Wednesday, October 22, 2014

A surprise (to me) regarding Medicaid eligibility under the ACA

I learned an interesting fact about the ACA from Kaiser's Larry Levitt on Twitter today.

It's well-known to ACA watchers that a low-income worker whose employer offers insurance deemed "affordable" according to ACA formula cannot buy subsidized private coverage on the exchanges. What I suspect is less well-known, and what Larry spelled out, is that the availability of employer-sponsored insurance does not negate Medicaid eligibility for someone whose household income is low enough to qualify for Medicaid.

It may seem unlikely that a worker offered ACA-compliant insurance by her employer would be low-income enough (under 138% of the Federal Poverty Level) to qualify for Medicaid as expanded by the ACA.  But that's not true for a sole breadwinner in a multi-person household. A single parent with two children could earn $26,000 and be eligible for Medicaid. A married person with an unemployed spouse and two children could earn $31,000 and qualify.

ACA enactment did not much affect children's eligibility for CHIP, the Children's Health Insurance Program (though there are some changes in the method of calculating eligibility). The children of our single mother of two earning $26k should have been eligible for CHIP prior to ACA enactment (state formulas for CHIP eligibility vary, with household income thresholds ranging from 175-400% FPL). But the presence of those children in the household changes the eligibility status of their parent(s).

That goes for foster children too, by the way (per this healthcare.gov fact sheet, which says to include "anyone..under 21 who you take care of and lives with you" as a household member).. In the inner city, I gather a lot of households take in foster children, including those who take in relatives and obtain foster parent status. Foster parents get a modest stipend, however, which here in New Jersey would outpace the rate at which FPL increases per person.  That is, fostering would make the adults in a household less likely, rather than more likely, to qualify for Medicaid.  Assuming, that is, that such stipends are figured into the Modified Adjusted Gross Income (MAGI) that determines ACA benefit eligibility -- a question I will have to come back to.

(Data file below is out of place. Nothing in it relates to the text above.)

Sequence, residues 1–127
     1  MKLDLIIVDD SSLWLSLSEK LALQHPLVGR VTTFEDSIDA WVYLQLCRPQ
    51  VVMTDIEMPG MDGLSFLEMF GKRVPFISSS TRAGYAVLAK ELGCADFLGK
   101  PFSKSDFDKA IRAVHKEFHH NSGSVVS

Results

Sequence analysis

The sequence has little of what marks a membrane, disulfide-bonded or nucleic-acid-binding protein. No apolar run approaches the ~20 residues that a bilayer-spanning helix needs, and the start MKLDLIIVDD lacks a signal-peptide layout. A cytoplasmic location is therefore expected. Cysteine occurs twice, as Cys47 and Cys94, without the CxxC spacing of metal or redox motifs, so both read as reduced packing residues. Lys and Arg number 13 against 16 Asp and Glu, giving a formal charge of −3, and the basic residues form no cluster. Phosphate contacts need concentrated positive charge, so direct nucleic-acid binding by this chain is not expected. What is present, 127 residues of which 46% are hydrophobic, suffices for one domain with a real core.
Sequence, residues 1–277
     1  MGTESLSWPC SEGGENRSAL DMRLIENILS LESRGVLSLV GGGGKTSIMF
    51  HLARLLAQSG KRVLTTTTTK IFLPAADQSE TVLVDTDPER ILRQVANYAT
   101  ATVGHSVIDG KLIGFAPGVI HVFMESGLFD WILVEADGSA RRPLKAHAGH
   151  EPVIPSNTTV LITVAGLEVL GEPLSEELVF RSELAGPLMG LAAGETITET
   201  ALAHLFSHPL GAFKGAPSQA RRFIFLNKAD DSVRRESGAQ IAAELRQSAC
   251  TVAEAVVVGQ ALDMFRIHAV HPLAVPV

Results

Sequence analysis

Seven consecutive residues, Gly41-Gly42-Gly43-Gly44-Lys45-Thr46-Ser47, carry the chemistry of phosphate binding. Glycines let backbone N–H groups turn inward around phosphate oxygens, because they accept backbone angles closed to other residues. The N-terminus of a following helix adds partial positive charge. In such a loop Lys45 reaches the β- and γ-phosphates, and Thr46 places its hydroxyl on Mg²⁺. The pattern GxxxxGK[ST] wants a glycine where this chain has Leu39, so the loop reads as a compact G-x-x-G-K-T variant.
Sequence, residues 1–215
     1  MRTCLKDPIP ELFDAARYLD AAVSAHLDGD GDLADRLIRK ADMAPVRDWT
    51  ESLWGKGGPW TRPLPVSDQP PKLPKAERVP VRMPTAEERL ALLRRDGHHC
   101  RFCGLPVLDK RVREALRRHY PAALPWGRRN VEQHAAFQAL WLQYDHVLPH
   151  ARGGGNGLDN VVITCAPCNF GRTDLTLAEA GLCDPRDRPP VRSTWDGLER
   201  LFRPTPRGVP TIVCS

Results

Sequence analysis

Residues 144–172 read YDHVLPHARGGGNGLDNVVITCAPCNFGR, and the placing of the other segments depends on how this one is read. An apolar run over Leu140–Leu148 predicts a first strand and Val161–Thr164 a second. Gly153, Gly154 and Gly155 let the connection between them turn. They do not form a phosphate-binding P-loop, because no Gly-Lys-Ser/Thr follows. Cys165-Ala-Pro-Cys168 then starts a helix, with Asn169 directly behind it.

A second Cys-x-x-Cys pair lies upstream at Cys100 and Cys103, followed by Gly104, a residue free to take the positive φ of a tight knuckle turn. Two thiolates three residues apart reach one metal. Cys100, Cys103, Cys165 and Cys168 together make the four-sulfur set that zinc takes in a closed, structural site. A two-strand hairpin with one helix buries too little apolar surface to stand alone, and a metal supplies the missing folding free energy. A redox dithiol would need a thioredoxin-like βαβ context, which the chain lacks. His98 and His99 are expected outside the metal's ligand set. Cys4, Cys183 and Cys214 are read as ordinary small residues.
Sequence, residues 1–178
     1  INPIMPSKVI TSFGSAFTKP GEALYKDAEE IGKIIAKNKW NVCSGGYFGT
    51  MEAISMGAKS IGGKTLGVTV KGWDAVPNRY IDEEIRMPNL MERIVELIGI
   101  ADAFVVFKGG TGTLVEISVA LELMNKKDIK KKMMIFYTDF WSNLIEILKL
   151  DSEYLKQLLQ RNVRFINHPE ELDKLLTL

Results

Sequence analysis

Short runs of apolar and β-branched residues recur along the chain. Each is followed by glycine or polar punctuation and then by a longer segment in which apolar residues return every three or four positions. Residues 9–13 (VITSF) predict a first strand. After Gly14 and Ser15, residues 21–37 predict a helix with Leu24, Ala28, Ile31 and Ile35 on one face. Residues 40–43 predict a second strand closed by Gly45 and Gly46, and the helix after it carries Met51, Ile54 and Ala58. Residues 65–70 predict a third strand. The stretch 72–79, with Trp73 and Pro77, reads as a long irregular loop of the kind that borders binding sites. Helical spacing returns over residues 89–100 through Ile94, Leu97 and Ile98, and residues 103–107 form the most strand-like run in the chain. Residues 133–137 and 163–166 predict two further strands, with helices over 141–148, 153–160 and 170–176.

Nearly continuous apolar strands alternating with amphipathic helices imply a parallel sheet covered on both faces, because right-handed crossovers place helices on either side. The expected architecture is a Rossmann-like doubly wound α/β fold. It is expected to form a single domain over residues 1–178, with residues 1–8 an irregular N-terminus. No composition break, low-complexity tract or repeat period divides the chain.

This Advocate's Guide to MAGI, published by the National Health Law Program, has a lot of detail about what income qualifies as MAGI, but nothing I could see about foster care stipends. It does, however, lay out this scenario, which is written as if the stipends don't exist:
EXAMPLE: Foster child joins the tax household
A family of four with a total income of $60,000 (255% FPL) qualifies for APTCs, but
not cost sharing assistance which is limited to those making less than 250% FPL. If
that family took in a foster child for at least six months and expected to claim the child
as a dependent on the family’s tax return, the family size would increase from 4 to 5
people, and their income as an FPL percentage would decrease to 218% FPL for a